their daily bowl of earthworms and mice. His manner is gentle. He finds compliments disarming. He appears to have absolutely no ego. The word “linear” in his vocabulary means “tangential” in everybody else’s. Walking around Cardiff with him, you feel like you’re in the company of a kid doing his first fanzine interview, rather than an award-winning, multifaceted artist who’ll be performing Babelsberg at the Barbican in September with an orchestra. The Welsh media are fond of calling Rhys a national treasure. It somehow doesn’t seem affectionate enough. But let’s go back to that future filmmaker. He or she will start in Bethesda in Gwynedd, in a house full of books and music. Gruff ’s father collected and published poetry anthologies. His mother wrote a poetry book of her own. Gruff spoke Welsh at home, was educated in Welsh, conversed and joked in Welsh with his friends, and wrote and sang songs in Welsh with the band he formed in the mid-’ 80s, Ffa Coffi Pawb. “I’m of the generation that was post-post-punk,” he says. “I bought second-hand psychedelic albums from Cob Records in Bangor. It was music that might have been dismissed by the post-punk generation, but it struck a melodic chord with me. The Byrds. Syd Barrett. Whatever records I could get cheaply.” Fascinating footage of Ffa Coffi Pawb (rough pronunciation: Fuck Off, E. Powb) can be seen on YouTube. In 1988, they filmed a video at the Eisteddfod in Newport, looking gauche and incongruous in that traditional world of pageantry, folk dancing and Druids. Rhys, just 18, resembled a young Jonathan Richman. Two days later, he was catapulted into a very different kind of cultural world, introducing himself to a leather-trousered Alan McGee at Creation Records’ all-day festival in London, Doing It For The Kids. Rhys handed McGee a Ffa Coffi Pawb cassette. “He said, ‘Don’t give it to me here! It’s not cool to give me demos in front of people.’” Seven years later Creation would sign Rhys’s next band, Super Furry Animals, and nobody would ever call Rhys uncool again. We talk about Ffa Coffi Pawb’s other videos. In one of them, they’re blatantly influenced by grunge, with Rhys pouting in an intense, existential, feel-my-pain way. “Probably drunk,” he says. There’s one that’s epic and windswept, with the band members on horseback. He remembers that one. “The bassist wanted to have a go on a horse. He was great on it, but a couple of us look terrified. They told us, ‘Don’t wear helmets, you’ll look shit.’” And there’s one in 1992 where Ffa Coffi Pawb, now sounding brilliant, pay homage to T. Rex’s Get It On two years before Oasis record Cigarettes And Alcohol. If McGee had seen that video in ’ 92, would Creation have taken a chance on a Welsh-speaking, Welsh-singing glam-rock rave-up? Rhys doubts it. “Labels like Ankst were starting in Aberystwyth], but Peel was the only one championing them. Ffa Coffi Pawb put out three albums… four if you’re loose in how you classify albums. We did 50 copies of one of them on a tape-to-tape machine and sold them for £ 1. We toured round Wales for seven years and then felt we’d hit a wall.” Rhys and the band’s drummer, Dafydd Ieuan, formed Super Furry Animals a year or so later with Huw “Bunf ” Bunford (guitar) and Guto Pryce (bass), whom they knew from a Cardiff punk band called U Thant. Cian Ciarán (keyboards), Ieuan’s younger brother, completed the line-up. A new band brought new ambitions, new horizons and new expectations. Excited by the possibility of performing to thousands of people, rather than dozens of them, Rhys began writing songs in English. It was a massive decision in context. “I didn’t see it as a diss on the Welsh language,” he insists, though he would later receive criticism for it. “I just wanted to try it. But at the same time, after years of singing in the Welsh language, to suddenly have record companies queuing to sign us, we thought it was hilarious.”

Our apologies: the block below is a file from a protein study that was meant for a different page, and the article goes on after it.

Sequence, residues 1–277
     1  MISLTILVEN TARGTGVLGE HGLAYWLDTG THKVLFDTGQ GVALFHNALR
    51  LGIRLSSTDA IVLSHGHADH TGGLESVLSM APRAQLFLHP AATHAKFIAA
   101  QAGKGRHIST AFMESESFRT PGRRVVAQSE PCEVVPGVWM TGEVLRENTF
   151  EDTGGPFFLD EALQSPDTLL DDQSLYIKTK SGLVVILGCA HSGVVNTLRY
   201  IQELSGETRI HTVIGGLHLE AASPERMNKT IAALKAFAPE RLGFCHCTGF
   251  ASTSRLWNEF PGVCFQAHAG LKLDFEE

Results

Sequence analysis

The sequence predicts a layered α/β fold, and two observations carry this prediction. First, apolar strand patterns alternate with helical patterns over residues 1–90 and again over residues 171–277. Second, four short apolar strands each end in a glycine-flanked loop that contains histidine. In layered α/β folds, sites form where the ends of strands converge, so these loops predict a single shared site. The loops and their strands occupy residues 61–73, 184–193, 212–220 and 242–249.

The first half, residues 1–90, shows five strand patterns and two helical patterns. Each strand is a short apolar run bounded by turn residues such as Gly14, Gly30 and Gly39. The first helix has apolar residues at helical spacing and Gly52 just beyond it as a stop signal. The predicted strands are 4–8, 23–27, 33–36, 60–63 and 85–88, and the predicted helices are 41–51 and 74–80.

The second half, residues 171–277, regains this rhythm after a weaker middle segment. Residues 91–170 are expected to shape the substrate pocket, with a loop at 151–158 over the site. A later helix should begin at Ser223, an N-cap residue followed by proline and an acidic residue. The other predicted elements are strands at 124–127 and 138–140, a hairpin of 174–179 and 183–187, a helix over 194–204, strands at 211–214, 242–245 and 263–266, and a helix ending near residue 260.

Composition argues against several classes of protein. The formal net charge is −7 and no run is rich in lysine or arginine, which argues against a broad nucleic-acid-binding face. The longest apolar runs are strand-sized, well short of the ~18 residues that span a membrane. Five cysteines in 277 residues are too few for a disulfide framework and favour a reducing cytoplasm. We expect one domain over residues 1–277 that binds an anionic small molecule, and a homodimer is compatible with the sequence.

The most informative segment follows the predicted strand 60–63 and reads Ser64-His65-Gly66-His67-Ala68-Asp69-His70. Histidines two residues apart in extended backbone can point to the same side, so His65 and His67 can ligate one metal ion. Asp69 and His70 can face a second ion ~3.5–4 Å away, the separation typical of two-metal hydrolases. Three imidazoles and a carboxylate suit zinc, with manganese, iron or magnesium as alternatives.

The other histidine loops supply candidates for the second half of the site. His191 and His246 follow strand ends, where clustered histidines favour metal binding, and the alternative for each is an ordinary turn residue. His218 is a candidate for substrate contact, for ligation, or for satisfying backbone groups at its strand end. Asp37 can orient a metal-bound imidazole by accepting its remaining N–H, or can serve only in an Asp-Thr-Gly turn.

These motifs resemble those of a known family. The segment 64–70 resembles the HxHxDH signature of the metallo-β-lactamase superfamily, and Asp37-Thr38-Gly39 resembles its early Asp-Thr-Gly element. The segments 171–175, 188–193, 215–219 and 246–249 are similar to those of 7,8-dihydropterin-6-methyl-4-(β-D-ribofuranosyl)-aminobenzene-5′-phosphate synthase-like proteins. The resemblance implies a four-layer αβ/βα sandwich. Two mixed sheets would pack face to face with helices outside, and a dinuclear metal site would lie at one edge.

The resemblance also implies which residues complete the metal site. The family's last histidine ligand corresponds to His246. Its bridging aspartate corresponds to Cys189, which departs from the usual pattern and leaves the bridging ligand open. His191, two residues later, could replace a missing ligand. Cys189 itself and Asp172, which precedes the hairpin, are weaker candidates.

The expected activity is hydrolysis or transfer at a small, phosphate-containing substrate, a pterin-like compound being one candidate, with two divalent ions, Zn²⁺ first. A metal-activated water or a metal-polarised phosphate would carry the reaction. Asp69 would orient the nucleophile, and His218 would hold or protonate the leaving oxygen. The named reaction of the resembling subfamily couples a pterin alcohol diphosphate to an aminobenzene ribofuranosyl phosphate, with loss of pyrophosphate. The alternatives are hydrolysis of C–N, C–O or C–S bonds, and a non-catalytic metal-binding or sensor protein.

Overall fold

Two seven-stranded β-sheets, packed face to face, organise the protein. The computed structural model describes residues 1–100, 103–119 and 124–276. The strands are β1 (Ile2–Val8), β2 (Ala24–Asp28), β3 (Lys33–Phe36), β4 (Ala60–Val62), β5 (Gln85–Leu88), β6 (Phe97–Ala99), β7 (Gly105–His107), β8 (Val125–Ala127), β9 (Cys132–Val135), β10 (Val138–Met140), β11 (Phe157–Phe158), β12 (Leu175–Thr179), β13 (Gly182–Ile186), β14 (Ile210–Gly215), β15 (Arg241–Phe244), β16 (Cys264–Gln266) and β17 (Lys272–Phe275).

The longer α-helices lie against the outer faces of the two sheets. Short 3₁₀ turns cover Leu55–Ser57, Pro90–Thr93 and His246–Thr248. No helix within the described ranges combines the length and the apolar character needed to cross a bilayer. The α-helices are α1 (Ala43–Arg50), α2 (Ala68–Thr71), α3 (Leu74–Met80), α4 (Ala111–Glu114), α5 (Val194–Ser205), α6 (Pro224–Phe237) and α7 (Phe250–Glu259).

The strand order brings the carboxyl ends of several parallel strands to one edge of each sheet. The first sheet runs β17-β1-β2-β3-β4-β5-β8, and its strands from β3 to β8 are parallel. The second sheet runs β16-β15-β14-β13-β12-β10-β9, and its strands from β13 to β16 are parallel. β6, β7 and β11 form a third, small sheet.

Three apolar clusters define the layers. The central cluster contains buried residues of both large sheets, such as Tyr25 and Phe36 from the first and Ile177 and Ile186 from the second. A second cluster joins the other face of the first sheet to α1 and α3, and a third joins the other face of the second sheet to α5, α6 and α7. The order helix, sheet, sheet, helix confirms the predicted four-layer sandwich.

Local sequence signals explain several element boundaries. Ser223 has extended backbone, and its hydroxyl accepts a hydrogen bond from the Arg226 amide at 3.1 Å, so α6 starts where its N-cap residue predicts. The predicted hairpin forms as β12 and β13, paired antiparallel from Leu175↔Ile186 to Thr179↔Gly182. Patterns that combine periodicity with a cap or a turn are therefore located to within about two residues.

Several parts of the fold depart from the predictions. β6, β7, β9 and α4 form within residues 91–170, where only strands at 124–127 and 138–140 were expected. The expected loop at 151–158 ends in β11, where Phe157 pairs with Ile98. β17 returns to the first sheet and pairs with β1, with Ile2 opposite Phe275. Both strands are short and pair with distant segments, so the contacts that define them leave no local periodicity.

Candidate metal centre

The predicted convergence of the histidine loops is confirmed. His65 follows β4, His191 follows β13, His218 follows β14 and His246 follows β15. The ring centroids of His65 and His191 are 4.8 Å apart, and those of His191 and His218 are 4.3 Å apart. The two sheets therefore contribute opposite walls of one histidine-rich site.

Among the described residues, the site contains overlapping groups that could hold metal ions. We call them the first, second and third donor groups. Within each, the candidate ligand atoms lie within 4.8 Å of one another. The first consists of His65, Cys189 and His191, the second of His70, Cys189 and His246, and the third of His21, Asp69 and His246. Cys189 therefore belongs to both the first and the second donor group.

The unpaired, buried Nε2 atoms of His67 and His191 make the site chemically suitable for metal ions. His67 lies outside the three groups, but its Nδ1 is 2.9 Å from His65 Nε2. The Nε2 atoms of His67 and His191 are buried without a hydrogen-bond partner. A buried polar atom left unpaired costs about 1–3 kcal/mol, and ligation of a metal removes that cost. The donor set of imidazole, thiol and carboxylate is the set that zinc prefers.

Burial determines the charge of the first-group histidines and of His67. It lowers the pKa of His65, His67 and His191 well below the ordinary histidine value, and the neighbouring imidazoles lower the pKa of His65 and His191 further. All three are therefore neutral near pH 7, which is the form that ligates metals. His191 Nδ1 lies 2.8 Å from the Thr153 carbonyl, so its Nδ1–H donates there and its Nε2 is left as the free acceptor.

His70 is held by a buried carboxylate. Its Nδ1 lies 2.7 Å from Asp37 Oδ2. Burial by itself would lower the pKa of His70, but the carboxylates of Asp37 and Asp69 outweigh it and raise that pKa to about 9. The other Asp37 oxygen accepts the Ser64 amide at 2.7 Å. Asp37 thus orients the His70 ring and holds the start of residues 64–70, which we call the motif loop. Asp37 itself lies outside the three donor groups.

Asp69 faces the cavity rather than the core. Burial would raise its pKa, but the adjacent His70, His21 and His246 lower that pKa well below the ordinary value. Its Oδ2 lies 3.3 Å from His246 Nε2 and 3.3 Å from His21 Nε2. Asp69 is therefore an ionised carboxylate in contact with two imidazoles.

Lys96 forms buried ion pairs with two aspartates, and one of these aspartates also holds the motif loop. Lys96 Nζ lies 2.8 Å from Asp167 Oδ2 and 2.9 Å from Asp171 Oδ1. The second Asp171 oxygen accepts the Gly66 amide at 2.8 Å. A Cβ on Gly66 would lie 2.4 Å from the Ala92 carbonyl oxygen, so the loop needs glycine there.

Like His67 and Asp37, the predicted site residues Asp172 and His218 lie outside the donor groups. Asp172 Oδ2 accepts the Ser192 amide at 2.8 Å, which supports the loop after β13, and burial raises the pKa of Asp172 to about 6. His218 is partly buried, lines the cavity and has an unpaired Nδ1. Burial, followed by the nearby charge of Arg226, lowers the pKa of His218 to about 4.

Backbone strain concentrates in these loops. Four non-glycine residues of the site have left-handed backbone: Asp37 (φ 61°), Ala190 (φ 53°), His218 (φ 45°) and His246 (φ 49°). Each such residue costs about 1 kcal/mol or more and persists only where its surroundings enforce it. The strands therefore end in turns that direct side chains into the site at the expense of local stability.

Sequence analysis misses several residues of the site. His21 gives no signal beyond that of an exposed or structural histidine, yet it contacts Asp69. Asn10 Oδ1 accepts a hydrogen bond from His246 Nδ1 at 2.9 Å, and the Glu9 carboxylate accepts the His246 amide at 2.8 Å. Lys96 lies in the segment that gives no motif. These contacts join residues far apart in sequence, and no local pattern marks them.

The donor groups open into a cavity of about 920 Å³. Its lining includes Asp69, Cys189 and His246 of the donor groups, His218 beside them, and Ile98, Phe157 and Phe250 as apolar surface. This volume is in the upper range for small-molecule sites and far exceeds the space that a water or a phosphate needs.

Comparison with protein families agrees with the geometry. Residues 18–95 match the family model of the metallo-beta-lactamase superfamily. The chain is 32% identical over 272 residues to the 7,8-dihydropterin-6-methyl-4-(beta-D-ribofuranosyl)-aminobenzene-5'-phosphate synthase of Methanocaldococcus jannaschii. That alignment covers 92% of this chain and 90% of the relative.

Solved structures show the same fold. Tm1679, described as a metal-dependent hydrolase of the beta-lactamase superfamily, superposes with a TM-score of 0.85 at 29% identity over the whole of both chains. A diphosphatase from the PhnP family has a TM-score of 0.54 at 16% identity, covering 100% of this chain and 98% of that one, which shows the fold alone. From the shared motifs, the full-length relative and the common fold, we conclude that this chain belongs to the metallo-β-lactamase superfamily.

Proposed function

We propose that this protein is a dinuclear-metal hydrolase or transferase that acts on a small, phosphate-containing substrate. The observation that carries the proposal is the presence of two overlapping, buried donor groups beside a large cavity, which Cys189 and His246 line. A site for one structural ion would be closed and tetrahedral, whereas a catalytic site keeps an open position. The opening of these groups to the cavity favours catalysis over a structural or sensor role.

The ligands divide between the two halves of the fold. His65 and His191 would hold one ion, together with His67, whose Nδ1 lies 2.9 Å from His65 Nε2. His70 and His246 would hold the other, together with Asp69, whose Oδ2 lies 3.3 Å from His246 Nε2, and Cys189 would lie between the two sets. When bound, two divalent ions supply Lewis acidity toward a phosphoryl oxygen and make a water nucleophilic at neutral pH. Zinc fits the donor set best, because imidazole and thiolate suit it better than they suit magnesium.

“I’m of the generation that was post-post-punk. I bought secondhand psychedelic albums. The Byrds. Syd Barrett. Whatever records I could get cheaply.”